In Kong, the Head of Financial Audit (HFA) objected to the regulatory validity of a document prepared by the Head of Legal (HL) and, in a heated meeting between the two, questioned HL’s 'professional awareness'. A very upset HL then berated HFA.

The EAT agreed that this was not just because HL’s professional skill had been questioned, but also because HFA blew the whistle about HL’s document.  After the meeting, HFA repeated her questioning of HL’s professional awareness in an email. HL made a complaint about HFA to the bank’s senior management and a decision was taken to dismiss HFA. The dismissing managers had read HFA’s email and it was their view of her conduct both towards HL and, previously, towards others that led to the decision to dismiss her. They made their own findings about her conduct. HFA’s whistleblowing, while material, was not their principal reason for her dismissal.

In conclusion, the wider ambit and protection given to whistleblowers by the FCA under Chapter 18 and elsewhere should not give employers a false sense of security. Do not think that a mere ‘concern’ about a firm that the FCA encourages staff to raise will not also class as a belief actionable under the ERA. Equally, employees raising such concerns should not regard themselves as immune to dismissal or sanction on other grounds.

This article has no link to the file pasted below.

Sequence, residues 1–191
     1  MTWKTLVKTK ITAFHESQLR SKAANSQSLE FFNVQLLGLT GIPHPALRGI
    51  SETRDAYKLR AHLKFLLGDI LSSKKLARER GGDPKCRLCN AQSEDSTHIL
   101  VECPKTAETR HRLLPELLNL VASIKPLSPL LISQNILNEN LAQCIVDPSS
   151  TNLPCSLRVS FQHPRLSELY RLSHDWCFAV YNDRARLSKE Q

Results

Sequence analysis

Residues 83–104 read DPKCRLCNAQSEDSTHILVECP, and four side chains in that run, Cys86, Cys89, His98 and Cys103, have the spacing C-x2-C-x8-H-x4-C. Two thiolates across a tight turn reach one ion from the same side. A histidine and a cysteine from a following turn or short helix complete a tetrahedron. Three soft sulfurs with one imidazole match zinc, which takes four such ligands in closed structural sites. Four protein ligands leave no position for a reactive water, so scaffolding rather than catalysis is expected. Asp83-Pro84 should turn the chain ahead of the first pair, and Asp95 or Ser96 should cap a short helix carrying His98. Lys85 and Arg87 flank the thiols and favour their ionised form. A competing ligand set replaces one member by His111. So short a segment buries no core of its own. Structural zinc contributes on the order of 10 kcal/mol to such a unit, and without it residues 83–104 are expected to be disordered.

Overall, the culture in financial services, which is so heavily affected by the conduct of all those involved, is a key area of the FCA’s focus. During 2022 and the coming years we will see an increase in whistleblowing in relation to what is now another core area – 'non-financial misconduct'. This covers matters of diversity and inclusion, on which an entire consultation paper was published by the financial regulators last year.

This consultation paper looked closely at a firm’s culture and how an individual is unlikely to be fit and proper if they bully or harass colleagues. In Q3 of 2021, the third most common form of whistleblowing to the FCA involved fitness and propriety and the fourth covered culture. There will be much more to come.